Science News: COVID-19 can affect the brain (clots, degraded blood-brain barrier, inflammation)
re: The Lancet: “substantial neurological and psychiatric morbidity in the 6 months after COVID-19 infection”
Not good news for me and many others recovering from Long Haul COVID.
TIP: COVID infection appears to be able to damage the blood-brain barrier. Don’t damage your brain irreperably— avoid excitotoxins like the poisons they are, since the blood-brain barrier may be partially “down” with COVID and its aftermath. And even when healthy, the blood-brain barrier does NOT totally reject excitotoxins. Make sure that magnesium (brain protective) supplementation is part of your care, ditto for other important nutrients.
Science News: COVID-19 can affect the brain. New clues hint at how
27 April 2021, emphasis added
For more than a year now, scientists have been racing to understand how the mysterious new virus that causes COVID-19 damages not only our bodies, but also our brains.
Early in the pandemic, some infected people noticed a curious symptom: the loss of smell. Reports of other brain-related symptoms followed: headaches, confusion, hallucinations and delirium. Some infections were accompanied by depression, anxiety and sleep problems.
Recent studies suggest that leaky blood vessels and inflammation are somehow involved in these symptoms. But many basic questions remain unanswered about the virus...
....suggests that the virus is affecting the brain in other ways, possibly involving blood vessels... Damage abounded, the team reported February 4 in the New England Journal of Medicine. Small clots sat in blood vessels. The walls of some vessels were unusually thick and inflamed. And blood was leaking out of the vessels into the surrounding brain tissue. “You can see all three things happening at the same time,” Nath says.
Those results suggest that clots, inflamed linings and leaks in the barriers that normally keep blood and other harmful substances out of the brain may all contribute to COVID-related brain damage.
Inflamed body and brain
Inflammation in the body can cause trouble in the brain,... Inflammatory signals released after injury can change the way the brain makes and uses chemical signaling molecules, called neurotransmitters, that help nerve cells communicate.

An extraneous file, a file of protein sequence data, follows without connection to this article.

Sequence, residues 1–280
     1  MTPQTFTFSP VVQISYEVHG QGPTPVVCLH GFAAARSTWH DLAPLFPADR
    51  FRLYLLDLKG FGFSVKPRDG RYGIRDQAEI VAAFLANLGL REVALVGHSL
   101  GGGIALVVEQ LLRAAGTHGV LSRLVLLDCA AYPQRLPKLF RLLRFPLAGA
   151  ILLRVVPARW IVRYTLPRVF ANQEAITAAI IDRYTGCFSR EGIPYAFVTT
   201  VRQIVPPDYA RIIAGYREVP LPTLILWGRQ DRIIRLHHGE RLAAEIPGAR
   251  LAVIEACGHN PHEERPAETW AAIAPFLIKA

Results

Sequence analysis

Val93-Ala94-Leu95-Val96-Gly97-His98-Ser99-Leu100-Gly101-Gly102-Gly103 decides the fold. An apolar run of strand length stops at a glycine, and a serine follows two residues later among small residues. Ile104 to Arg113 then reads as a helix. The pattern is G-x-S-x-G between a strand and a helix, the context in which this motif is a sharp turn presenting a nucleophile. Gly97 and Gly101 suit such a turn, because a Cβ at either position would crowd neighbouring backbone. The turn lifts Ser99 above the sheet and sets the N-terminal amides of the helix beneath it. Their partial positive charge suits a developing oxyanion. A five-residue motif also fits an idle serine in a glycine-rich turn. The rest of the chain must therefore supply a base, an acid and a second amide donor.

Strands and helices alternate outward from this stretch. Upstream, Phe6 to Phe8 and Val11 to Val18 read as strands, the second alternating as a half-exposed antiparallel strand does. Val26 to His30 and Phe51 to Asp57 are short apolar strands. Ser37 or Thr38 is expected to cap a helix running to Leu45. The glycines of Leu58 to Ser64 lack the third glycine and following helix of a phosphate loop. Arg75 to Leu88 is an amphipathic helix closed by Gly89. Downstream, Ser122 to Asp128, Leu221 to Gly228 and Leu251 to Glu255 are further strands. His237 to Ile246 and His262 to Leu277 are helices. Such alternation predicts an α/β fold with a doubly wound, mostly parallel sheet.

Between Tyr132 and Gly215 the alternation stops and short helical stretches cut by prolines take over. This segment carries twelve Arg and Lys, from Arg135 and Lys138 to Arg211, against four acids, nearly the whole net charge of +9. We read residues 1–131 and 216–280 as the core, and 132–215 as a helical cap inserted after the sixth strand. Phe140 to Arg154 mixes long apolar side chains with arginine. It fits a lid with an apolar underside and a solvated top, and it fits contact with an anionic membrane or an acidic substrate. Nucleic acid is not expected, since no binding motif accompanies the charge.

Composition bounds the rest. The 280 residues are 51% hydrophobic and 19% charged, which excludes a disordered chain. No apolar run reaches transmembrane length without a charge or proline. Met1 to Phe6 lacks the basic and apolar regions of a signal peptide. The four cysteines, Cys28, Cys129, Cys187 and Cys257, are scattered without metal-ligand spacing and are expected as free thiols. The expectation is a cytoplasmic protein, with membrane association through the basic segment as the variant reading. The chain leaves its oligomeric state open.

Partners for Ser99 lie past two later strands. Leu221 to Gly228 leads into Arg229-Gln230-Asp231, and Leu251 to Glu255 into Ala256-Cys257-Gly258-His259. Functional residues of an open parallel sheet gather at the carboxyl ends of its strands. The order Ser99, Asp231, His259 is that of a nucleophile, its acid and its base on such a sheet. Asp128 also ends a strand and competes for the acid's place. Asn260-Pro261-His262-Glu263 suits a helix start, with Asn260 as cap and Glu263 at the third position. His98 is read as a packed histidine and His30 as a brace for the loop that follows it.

...With these findings, it’s not clear that SARS-CoV-2 affects people’s brains differently from other viruses, says Navis. In her post–COVID-19 clinic at Mount Sinai, she sees patients with fatigue, headaches, numbness and dizziness — symptoms that are known to follow other viral infections, too. “I’m hesitant to say this is unique to COVID,” Navis says. “We’re just not used to seeing so many people getting one specific infection, or knowing what the viral infection is.”
Lingering questions — what the virus actually does to the brain, who will suffer the most, and for how long — are still unanswered, and probably won’t be for a long time. The varied and damaging effects of lockdowns, the imprecision doctors and patients use for describing symptoms (such as the nonmedical term “brain fog”) and the indirect effects the virus can have on the brain all merge, creating a devilishly complex puzzle.
For now, doctors are busy focusing on ways in which they can help, even amid these mysteries, and designing larger, longer studies to better understand the effects of the virus on the brain.
WIND: good luck getting help from doctors—note the complete absence of even the thought that nutrition might be involved! You are the only person in the world who can heal yourself. It is extremely unlikely that a nutrition-ignorant allopathic medicine doctor will have a clue, let alone be able to help.
These speculations are consonant with all the things I’ve been saying for many months now: the Long Haul COVID issues appear to be (1) neurological, (2) inflammatory, (3) auto-immune (which leads to inflamation).
The referenced “fatigue , headaches” are distinctly “not me” symptoms new to me since infection, ditto for numbness in fingers at night sleeping on my side, and at times (now gone) a feeling like dizziness.
No wonder I’ve needed 12 hours of sleep a day all too frequently for the past year. I feel like such a loser having to go to bed at 8:30 PM and get up at 9-10 AM, so to speak. I’ve had to learn to accept that as a physical necessity for now.